Referring now to FIG. 2, a perspective view of light source 14 coupled to a coupler 16 is illustrated. Coupler 16 coupled to an optical fiber 18 is illustrated. Coupler 16 has a coupler body 30 having an upper surface 32, a lower surface 34, an output end 36, and an input end 38. Light source 14 is coupled to input end 38. Optical fiber 18 is coupled to output end 36. Coupler body 30 also has angular side surfaces 40, 42 that help direct light to output end 36 as described below. That is, the input end 38 is longer than the output end 36 with the angled side surfaces 40, 42, therebetween. Side surface 40, 42 have an angle 54 with respect to the axis to the optical fiber of about 8°.

Referring now to FIGS. 3 and 4, light source 14 is comprised of a plurality of light emitters 44. In the present example, seven light emitters 44 are illustrated. Light emitters are used to direct light to input end 38 of coupler body 30. Light emitters 44 are preferably laser diodes. The diodes may be arranged in a row and fabricated on a single wafer 46. Of course, discrete emitters may also be used.

Each light emitter 44 has a respective lenslet 48 through which light is coupled into coupler body 30. Lenslets 48 are preferably integrally formed with body 30. Lenslets 48 redirect light emitted by light emitters 44 toward face 50 of optical fiber 18.

The center light emitter 44 is positioned directly opposite (normal to) optical fiber 18 and thus no lenslet is required. As the distance from the center emitter 44 increases, the angle 52 of lenslet with respect to input end 38 increases. For example, the first lenslet has an angle of about 24°, the second has an angle of about 15°, and the third lenslet 48 has an angle of about 4°. Of course, these angles may vary depending on the particular geometry of the overall system.

The sizing of optical coupler 16 follows. The light emitters 44 extend for a predetermined length upon the wafer 46. The input end 38 is sized to extend substantially the length of the emitters. Angle 54 and angle 52 are chosen to direct light by total internal reflection to optical fiber 18. It is preferred that most of light from emitters 14 is coupled into optical fiber 18, either directly or through reflection from side surfaces 40, 42.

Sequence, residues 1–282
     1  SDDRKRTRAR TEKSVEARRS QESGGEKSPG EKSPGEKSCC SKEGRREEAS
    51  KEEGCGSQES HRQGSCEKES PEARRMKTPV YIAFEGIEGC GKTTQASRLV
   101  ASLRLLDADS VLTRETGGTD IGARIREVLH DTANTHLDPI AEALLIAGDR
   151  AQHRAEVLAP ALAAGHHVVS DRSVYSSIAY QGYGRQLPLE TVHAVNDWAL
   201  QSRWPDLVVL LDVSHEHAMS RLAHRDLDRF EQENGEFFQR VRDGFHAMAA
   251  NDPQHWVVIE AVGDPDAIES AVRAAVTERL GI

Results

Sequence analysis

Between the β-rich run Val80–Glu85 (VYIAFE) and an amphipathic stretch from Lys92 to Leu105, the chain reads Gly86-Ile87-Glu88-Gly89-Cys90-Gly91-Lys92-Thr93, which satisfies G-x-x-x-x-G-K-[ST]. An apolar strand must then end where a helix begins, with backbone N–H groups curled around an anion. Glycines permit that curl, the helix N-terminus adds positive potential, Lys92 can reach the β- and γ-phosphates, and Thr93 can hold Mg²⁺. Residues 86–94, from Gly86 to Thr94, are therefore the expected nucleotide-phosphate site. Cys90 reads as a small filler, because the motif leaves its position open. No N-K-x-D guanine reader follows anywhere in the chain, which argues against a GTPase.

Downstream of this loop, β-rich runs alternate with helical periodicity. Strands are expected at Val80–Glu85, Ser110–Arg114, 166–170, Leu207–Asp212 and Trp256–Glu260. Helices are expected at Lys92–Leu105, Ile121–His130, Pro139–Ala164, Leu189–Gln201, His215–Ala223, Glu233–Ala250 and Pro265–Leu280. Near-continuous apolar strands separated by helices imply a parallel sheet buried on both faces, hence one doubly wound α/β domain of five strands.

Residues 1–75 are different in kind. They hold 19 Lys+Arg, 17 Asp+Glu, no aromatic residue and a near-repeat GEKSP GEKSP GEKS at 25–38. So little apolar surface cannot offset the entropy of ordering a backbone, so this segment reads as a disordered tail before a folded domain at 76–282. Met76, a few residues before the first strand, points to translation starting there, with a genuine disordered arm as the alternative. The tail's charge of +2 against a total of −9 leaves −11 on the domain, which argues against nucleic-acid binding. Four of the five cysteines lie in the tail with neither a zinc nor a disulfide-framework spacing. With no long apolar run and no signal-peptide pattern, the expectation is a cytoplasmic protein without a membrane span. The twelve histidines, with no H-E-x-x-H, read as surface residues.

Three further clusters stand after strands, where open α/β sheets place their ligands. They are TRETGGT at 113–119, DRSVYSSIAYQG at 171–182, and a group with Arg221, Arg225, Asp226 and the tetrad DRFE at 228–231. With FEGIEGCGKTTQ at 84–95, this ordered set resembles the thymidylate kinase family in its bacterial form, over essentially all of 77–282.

Referring now to FIG. 5, a perspective view of input end 38 is illustrated. As shown above in a horizontal cross section, lenslets 48 are wedge-shaped. However, light emitted from light emitters 44 may diverge in a vertical angle by up to a 45° half angle. Such divergence is characteristic with commonly known laser diodes. Thus, providing merely a wedge-shaped lenslet 48 may not allow all the light to be coupled within coupler body 30. Lenslets 48 have a curved surface 56 that collimates light in the vertical direction. Also, lenslets 48 may be curved slightly in the horizontal direction to collimate light in the horizontal direction as well. The curvature will vary based upon the position of the lenslet and the light source as would be known to those skilled in the art.

Referring now to FIG. 6, a cross-sectional view through line 55 illustrates a lenslet 48 with light rays 58 that are emitted from emitter 14 substantially collimated in coupler body 30.